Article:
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Managing Java Classes - Java

In this excerpt from chapter 4 of Joel Murach's Java Servlets and JSP, you'll learn how to develop a web application that consists of HTML pages and JavaServer Pages (JSPs). As you will see, JSPs work fine as long as the amount of processing that's required for each page is limited. When you complete this chapter, you should be able to use JSPs to develop simple web applications of your own.

  1. Developing JavaServer Pages
  2. The Code for the HTML Page that Calls the JSP
  3. Imitating HTML
  4. How to Create a JSP
  5. How to Use the Methods of the Request Object
  6. Retrieving Multiple Values
  7. How to Request a JSP
  8. Using Get and Post Methods
  9. Using the Post Method
  10. Managing Java Classes
  11. Class Location
By: Joel Murach
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May 12, 2004

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If you're using Tomcat 4.0, Figure 10 shows where and how to save your compiled Java classes (the .class files) so Tomcat can access them. Usually, you'll save your source code (the .java files) in the same directory, but that's not required.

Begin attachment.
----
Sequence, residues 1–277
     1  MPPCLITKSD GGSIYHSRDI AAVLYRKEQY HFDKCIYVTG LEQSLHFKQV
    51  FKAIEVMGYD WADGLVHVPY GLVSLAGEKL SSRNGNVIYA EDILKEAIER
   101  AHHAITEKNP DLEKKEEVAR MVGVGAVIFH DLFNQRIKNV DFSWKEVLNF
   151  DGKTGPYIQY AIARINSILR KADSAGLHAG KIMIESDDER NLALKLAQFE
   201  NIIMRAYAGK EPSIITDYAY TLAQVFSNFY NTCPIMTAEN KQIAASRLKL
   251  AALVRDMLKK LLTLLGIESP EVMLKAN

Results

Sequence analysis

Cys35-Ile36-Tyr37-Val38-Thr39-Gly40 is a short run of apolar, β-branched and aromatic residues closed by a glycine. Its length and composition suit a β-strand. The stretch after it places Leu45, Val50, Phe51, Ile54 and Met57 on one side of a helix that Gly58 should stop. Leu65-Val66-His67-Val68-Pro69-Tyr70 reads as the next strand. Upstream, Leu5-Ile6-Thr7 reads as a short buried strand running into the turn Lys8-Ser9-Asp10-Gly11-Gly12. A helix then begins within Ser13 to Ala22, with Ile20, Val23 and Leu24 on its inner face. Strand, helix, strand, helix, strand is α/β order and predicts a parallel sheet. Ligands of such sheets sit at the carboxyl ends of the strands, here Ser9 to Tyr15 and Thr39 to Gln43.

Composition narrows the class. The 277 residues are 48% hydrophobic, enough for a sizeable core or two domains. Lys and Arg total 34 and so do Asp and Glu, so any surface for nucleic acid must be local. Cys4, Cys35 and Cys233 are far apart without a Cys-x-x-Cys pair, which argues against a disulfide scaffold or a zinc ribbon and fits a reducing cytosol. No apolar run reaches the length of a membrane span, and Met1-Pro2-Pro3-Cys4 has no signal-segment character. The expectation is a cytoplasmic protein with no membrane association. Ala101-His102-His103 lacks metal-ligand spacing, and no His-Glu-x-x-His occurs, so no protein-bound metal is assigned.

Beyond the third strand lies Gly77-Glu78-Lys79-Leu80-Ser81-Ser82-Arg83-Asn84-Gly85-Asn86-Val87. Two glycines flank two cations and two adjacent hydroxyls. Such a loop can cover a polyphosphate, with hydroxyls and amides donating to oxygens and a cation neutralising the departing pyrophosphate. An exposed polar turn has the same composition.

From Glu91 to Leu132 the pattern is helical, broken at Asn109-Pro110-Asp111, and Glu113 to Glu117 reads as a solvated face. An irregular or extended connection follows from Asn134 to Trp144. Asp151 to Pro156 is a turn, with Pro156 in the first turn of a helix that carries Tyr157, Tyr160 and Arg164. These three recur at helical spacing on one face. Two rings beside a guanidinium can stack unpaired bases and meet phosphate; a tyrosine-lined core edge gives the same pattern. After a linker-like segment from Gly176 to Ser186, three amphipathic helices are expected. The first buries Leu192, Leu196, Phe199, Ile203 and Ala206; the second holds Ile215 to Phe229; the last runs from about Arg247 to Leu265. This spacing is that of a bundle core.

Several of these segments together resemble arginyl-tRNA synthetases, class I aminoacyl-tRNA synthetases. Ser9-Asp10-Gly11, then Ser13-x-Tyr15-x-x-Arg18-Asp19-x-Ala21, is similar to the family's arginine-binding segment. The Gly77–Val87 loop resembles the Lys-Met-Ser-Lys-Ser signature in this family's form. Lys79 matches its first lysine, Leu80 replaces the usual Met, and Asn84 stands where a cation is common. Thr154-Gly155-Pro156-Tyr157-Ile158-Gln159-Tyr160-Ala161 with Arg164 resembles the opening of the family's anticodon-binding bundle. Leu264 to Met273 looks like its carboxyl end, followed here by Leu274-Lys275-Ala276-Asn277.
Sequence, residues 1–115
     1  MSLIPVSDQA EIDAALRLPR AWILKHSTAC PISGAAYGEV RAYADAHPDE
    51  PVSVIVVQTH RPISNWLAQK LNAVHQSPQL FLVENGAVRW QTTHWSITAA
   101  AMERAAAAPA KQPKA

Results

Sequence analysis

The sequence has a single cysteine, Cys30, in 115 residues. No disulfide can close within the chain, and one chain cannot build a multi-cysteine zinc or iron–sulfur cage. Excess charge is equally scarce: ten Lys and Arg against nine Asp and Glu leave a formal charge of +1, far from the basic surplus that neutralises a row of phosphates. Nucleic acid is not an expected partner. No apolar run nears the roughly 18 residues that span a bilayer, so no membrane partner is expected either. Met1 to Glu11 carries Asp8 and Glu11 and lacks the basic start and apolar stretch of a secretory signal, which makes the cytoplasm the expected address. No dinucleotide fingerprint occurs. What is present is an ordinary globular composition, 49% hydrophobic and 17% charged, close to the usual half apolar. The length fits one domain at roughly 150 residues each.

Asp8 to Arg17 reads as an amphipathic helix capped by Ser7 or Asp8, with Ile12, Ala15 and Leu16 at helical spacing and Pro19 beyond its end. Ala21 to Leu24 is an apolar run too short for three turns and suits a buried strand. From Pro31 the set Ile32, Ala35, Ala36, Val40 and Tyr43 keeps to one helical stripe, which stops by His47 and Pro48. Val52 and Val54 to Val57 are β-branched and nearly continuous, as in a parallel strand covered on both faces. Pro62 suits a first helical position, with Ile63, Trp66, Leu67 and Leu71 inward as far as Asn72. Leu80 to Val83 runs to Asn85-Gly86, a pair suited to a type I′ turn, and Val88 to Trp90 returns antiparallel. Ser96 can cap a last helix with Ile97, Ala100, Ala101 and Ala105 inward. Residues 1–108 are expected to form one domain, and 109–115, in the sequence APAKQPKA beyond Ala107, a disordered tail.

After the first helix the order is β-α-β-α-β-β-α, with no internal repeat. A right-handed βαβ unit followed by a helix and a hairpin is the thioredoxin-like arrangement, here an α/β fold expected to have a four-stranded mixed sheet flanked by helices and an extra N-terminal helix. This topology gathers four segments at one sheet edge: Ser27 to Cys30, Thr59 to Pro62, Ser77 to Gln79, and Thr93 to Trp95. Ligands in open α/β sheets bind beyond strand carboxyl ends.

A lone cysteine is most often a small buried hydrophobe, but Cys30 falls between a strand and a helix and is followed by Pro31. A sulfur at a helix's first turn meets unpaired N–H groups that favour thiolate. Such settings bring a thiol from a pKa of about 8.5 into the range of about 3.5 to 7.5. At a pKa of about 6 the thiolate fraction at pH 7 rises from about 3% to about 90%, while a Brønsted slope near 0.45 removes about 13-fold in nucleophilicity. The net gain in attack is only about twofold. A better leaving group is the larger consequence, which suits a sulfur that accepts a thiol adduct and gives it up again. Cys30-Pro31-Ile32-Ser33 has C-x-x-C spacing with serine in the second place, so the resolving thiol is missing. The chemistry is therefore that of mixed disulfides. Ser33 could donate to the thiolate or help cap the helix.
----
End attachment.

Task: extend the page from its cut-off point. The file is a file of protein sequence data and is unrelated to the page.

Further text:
Figure 10: Where and How to Save and Compile Regular Java Classes

Where the User class is saved


Where the UserIO class is saved


Other places to save your Java classes


The DOS Prompt Window for Compiling the User Class

Command Prompt


Although you can save the source code (the .java files) in any directory, you must save the class files (the .class files) in the WEB-INFclasses directory or one of its subdirectories. This can be subordinate to the ROOT directory or your own document root directory.

To compile a class, you can use TextPad's Compile Java command, your IDE's compile command, or the javac command from the DOS prompt window.

If you have trouble compiling a class, make sure your system is configured correctly as described in appendix A of my textbook.

The two paths shown at the top of this figure show where the User and UserIO classes that come with this book are saved. After that, the figure presents the syntax for other paths that can be used to store Java classes. If you review these paths, you'll see that each one places the Java classes in a subdirectory of the WEB-INFclasses directory. 

Remember: this is from chapter four of Joel Murach's Java Servlets and JSP (Mike Murach & Associates, ISBN 1890774189, 2003). Grab a copy at your favorite book store today!

 Buy this book now.

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